I’ve been with the Glasgow Film Crew for just over a couple of years now, I’ve worked on several projects starting out on props on “Rainbow Cups”, but my heart has always been in writing. After that and a few other roles on projects I went ahead with a simple (or so I thought) idea for a short spoof documentary inspired in part by one of the crew’s first completed shorts “The Man Who Kept Hearing His Name Getting Called Out”.
Setting the movie in an office space created one of the first of a few obstacles - finding an office in which we could film. We were lucky to find access to a small space through the crew, and able to cast people from previous projects with Steven McDonnell starring in the lead role and co-directing with myself as I had not directed anything before. Later an actor did have to drop out when they got paid work, meaning that I had to step in front of the camera too (my own personal nightmare).
At the time, the only camera I had available was my Canon EOS 550D, which is a fine HD camera for still filming, but without a decent mount is not great for handheld footage. Moving around a small environment with that would have meant difficulty in getting the desired shots, but I was at college at the time and I was able to book out camera and sound equipment giving us a shoulder mounted camera to achieve that style.
Initial filming of the office sequences was set to be filmed at the weekend in a single day – tight but not impossible, as being in the style of a documentary half of the footage would be interview sequences which could be filmed elsewhere.
The day though did not go smoothly as hoped.
Firstly, I was late to my own shoot. Yes, I’m not kidding. I left home in the morning, which at the time was in Falkirk, and the office was in Anniesland, Glasgow. A distance of about 25 miles that would take longer since I don’t drive and was travelling by public transport. Of course, I did remember to bring all the camera equipment and props such as contact lenses didn’t I? Idiot.
The contact lenses were important for the character of Nigel, so I had to get off of my train at the next stop, and then go back to my house to pick them up. Driving this would have taken about 20 minutes; on public transport it took about 2 hours.
In the meantime, Steve went through planning with the cast to block out shots, which saved us time once I managed to get there with the equipment. The second delay was when it came to putting in the contact lenses. Both Steve and myself would be wearing them. Had I known just how much of a pain (literally and figuratively) they are, we would not have bothered! I do not envy those who wear them on a daily basis.
Thankfully filming ran largely smooth for the rest of the day, and the office footage for all of the rest of the cast was filmed on the Saturday. Because of the lost time, Steve and I went back on the Sunday to film Nigel’s interview sequences in the office area, filming his responses with me behind the camera running lines of the presenter who was played by David White.
The remaining interview sequences were filmed later at producer Malwina Bieniawska’s flat, with the cast returning for a few hours to film their sequences. These were filmed with the 550D and the audio was recorded with a clip-on microphone input directly into the camera, meaning that syncing separate audio was not required. Due to this we also filmed David asking his questions – he was not meant to appear on-screen during the interview scenes, but it meant that all of his lines had the same background noise as the others. As we had extra time left once we wrapped the footage, we let Ian Campbell do some improv as he does stand-up comedy.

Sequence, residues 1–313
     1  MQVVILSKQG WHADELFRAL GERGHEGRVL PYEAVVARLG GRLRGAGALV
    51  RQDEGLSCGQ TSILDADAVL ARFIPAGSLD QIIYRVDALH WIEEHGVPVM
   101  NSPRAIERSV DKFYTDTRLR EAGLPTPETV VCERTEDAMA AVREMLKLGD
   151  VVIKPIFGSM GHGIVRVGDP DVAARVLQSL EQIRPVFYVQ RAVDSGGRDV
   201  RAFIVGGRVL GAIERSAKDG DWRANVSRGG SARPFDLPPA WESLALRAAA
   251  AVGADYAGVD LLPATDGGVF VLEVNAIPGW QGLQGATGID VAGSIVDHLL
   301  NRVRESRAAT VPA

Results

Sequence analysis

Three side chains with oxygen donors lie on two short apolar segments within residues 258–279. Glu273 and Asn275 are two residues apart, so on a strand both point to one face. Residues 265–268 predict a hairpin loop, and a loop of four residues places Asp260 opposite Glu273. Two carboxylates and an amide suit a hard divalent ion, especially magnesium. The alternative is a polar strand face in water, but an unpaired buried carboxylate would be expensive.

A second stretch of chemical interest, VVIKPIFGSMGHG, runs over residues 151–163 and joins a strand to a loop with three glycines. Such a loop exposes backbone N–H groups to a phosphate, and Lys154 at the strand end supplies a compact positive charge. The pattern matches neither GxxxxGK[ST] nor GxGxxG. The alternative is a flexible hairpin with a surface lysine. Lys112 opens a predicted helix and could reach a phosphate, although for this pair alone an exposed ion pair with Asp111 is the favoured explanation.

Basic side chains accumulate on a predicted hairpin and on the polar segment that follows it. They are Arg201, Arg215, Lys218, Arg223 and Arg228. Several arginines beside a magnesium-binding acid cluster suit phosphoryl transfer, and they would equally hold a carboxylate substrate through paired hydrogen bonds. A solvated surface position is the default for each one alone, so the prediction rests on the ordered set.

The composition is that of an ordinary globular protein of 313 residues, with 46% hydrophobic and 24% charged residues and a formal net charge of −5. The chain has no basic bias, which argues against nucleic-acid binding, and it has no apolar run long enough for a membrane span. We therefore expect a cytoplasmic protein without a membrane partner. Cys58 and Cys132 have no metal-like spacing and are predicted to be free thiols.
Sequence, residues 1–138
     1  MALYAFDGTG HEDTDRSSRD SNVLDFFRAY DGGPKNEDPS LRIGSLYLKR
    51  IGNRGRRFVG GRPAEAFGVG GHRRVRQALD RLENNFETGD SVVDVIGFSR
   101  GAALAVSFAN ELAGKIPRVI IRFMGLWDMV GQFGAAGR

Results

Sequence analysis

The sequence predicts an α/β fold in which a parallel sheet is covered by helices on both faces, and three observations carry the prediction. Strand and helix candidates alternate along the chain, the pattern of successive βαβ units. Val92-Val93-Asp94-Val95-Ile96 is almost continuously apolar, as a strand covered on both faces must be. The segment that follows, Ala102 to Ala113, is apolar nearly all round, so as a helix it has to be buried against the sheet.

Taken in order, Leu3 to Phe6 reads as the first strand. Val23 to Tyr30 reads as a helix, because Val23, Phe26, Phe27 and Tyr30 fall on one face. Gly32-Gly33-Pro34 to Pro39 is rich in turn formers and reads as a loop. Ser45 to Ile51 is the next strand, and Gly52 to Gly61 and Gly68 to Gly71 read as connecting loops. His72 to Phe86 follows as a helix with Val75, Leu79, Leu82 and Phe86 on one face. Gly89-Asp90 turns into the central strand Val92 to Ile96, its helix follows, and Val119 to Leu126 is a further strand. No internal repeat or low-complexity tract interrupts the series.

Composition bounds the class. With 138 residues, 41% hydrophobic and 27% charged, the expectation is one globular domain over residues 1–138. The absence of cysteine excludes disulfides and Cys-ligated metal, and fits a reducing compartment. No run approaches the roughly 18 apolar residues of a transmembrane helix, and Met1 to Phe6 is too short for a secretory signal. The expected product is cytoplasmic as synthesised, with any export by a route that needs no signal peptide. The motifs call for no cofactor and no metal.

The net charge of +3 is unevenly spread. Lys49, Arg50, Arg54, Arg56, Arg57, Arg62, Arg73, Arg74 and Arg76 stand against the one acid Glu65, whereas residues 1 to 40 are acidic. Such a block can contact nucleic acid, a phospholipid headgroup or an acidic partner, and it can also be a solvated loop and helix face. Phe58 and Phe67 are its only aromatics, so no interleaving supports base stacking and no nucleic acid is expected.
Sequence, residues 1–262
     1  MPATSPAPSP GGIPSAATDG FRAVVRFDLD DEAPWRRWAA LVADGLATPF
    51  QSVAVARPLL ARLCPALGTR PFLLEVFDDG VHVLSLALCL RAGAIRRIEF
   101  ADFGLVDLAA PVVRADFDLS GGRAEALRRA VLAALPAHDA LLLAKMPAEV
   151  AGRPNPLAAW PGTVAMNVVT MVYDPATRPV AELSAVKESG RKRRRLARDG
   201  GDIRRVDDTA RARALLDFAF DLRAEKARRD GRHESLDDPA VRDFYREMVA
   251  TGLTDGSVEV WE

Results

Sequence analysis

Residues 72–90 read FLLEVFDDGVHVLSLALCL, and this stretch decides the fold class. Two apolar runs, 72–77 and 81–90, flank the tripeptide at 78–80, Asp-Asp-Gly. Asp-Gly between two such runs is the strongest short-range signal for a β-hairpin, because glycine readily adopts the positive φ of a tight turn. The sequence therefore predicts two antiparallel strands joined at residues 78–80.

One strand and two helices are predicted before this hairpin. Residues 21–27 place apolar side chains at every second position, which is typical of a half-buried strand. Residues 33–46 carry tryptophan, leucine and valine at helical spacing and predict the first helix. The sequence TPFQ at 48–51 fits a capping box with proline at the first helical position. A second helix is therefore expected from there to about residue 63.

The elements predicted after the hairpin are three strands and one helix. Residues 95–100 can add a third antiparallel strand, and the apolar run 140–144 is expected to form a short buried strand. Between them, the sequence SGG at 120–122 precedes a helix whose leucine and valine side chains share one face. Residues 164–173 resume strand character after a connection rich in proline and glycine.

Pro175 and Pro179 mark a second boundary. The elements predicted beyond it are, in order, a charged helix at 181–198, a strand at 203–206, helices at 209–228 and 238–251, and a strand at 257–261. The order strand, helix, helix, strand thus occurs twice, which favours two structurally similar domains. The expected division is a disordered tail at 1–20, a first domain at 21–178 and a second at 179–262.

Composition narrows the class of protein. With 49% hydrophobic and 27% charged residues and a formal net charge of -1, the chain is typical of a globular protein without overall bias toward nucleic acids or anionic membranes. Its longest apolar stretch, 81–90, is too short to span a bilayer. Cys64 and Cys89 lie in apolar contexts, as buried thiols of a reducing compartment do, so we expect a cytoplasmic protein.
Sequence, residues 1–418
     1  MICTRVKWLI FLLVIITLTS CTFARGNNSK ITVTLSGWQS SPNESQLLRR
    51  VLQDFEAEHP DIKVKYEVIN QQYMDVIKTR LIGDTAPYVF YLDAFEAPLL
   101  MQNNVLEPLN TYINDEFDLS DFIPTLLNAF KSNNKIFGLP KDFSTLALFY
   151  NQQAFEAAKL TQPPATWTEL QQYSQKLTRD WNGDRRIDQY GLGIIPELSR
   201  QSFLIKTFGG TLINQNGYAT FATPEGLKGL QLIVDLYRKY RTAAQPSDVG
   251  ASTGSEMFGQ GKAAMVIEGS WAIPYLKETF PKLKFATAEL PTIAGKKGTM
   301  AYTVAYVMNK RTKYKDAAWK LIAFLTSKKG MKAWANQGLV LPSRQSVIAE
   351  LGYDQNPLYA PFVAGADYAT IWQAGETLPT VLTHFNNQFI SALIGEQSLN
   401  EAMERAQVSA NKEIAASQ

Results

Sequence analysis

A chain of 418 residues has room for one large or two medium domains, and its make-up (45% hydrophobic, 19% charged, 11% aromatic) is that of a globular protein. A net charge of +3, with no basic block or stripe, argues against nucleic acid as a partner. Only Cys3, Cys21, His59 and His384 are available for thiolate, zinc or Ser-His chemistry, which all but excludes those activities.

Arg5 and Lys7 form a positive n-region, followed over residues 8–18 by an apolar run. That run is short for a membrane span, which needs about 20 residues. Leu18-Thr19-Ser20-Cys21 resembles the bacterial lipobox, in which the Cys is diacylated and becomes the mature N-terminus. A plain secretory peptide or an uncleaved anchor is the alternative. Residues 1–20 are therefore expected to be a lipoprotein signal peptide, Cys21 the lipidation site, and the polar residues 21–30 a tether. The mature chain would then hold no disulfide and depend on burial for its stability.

David’s voiceovers were also recorded then, but using a Zoom H1 recorder. To get his voice without the echo of the room, we used the low-tech approach of having David sit with a duvet over him and the recorder, which muffled any background noise and echo – amazingly this worked very well - sometimes it’s the simplest things.
Editing was where the movie was delayed for the most of its production. And here is where I would advise you the most important thing when you are writing, directing and also editing your own project, at least for the first time – don’t. More specifically, don’t try to do it
all yourself. This was the hardest thing for me, but a learning curve. I’ll admit I should have asked for help a lot sooner, but I didn’t, I wanted to try and edit it myself, but a mix of focusing on college work and my own inexperience (as well as a degree of bone idleness) meant I tried to do too much. I struggled to be objective and second guessed all my editing decisions, to the point that I started to doubt that what had been filmed and what had been written had been any good, or even funny – I still have issues with certain elements of the finished movie, perhaps I always will have (personally I think I would hate anything I make even it if it won an Oscar), but that’s just me.
Eventually, we brought the movie to Peter Stewart to edit, who saved it from being delayed indefinitely, and finished it just in time to premier at the Glasgow Film Crew’s 3rd Anniversary event in front of the best thing ever – an audience that got it, got the humour, and seemed to consistently laugh throughout (someone even got a Korea joke that was in there). That meant it was all worth it.
Nigel was a big learning experience, and one that I’ll hopefully be able to apply to many future projects with the GFC. Get writing, get assembling your crew, and get going.